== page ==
Blondie's self-titled 1976 debut album is rightly celebrated for its mix of punk, proto-new wave and '60s girl-group sounds. It wasn't a commercial hit and didn't even make Billboard's chart, but it was a cornerstone record in the burgeoning New York scene that also included the Ramones, Talking Heads and Television.

So it's little surprise that singer Debbie Harry, guitarist Chris Stein, drummer Clem Burke, keyboardist Jimmy Destri and bassist Gary Valentine were elated. Flushed with critical success, they returned to the studio for their second LP, Plastic Letters, in the summer of 1977 at New York's Plaza Sound.

But things quickly turned, foreshadowing the tumultuous relationships and dark days that were occasionally part of Blondie's story. Bassist Valentine was out of the band; Frank Infante, who would soon join the band as a full-time member, took part in the album sessions as a guitarist and bassist.

Blondie not only felt the pressure to follow up their first album with something as great if not better, but they were also starting to clash in the studio. Recording Blondie had gone relatively smoothly among the five members and their producer Richard Gottehrer. But Plastic Letters, once again with Gottehrer producing, was turning into something of a chore: rushed, for one thing, and more often than not steering off course.

Watch Blondie's 'Denis' Video

"It was a little more angsty," Chris Stein told Mojo in 2023. "There was always a lot of tension in the band and crazy bullshit going on ... egos flying about. I certainly was not the least of it. Everyone was egomaniacal about their roles. But I always thought the tension made for a good result."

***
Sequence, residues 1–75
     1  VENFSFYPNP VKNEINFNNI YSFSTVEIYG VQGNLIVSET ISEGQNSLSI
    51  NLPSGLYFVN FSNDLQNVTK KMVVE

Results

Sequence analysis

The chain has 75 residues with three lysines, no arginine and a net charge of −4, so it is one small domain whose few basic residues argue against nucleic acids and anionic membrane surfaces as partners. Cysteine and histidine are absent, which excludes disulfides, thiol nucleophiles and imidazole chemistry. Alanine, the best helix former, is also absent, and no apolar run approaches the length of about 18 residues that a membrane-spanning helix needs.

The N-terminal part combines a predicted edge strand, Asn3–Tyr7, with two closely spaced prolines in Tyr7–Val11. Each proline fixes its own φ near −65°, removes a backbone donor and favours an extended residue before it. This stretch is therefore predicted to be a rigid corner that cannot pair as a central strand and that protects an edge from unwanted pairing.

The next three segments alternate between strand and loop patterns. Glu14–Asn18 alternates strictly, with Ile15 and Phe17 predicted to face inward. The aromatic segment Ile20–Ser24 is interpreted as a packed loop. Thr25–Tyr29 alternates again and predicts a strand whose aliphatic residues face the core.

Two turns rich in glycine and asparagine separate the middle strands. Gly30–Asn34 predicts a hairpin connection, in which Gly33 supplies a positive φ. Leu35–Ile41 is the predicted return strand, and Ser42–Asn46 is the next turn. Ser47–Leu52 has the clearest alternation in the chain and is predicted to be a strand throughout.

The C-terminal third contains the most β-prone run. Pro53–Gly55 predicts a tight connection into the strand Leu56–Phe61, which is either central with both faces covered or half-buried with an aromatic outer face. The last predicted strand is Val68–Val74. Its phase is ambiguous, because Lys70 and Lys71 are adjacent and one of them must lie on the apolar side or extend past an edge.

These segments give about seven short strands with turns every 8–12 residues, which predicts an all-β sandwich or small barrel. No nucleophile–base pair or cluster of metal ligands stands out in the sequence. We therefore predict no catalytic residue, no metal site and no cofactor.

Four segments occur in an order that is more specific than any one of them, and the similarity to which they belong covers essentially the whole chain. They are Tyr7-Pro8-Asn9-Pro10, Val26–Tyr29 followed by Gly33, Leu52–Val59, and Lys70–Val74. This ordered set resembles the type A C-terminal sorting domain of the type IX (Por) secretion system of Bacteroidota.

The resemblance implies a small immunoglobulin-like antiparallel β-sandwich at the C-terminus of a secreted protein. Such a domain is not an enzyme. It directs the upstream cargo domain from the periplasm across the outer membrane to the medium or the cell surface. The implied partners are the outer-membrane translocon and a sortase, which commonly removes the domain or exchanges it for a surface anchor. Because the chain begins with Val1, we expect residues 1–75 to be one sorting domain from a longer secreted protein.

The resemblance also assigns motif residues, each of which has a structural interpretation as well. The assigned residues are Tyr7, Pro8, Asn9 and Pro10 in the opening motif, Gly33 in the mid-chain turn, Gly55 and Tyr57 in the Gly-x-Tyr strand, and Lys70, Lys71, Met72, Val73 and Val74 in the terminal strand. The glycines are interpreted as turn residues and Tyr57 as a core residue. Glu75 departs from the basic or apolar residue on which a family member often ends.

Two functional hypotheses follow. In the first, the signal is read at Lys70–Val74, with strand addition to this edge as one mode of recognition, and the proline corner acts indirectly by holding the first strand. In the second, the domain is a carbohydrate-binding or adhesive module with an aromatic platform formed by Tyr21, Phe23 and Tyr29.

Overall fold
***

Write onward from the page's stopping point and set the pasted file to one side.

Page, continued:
They certainly sounded like the Blondie heard on the first album in a couple of key tracks: "Denis," a reworked version of Randy and the Rainbows' 1963 doo-wop classic "Denise," and "(I'm Always Touched by Your) Presence, Dear," which was written by the departed Valentine but used anyway because Burke liked the song.

Elsewhere, however, much of Plastic Letters barely registers in light of Blondie and what was to come. Not that anyone in Blondie was thinking too hard about it. They hired bassist Nigel Harrison, who was in Ray Manzarek's post-Doors group Nite City, not long before Plastic Letters was released in February 1978. Now a sextet with the recent promotion of Infante, they began plotting their next tour and promotional cycle.

Watch Blondie's '(I'm Always Touched by Your) Presence, Dear' Video

Then "Denis" - thanks to a Top of the Pops appearance - became a hit in the U.K., pushing Plastic Letters up the chart. The album also fared well in the States, becoming Blondie's first charting LP in their homeland, reaching No. 72. But the album's significance today is what it all led to. By summer they were back in the studio recording their third album, Parallel Lines, this time with new producer Mike Chapman.

The problems were there – the ego clashes, the substance abuse, the arguments – but so, too, was a new focus that Plastic Letters often lacked. Blondie learned to open up musically; that was part of what Chapman taught them. Plastic Letters was an extension of the debut; Parallel Lines was a major move forward. And the payoff arrived almost instantly: The album was released just seven months after Plastic Letters and made it to No. 6, eventually going platinum. Their single "Heart of Glass," the band's inaugural U.S. charting hit, became the first of four No. 1s.

Blondie probably would have never gotten there if it wasn't for their second album, which not only helped develop their image but also fostered the tensions that outlined some of their best work. Plastic Letters may not be recalled as fondly as the records that immediately preceded and followed it, but it's the link that prepared the group for greatness.

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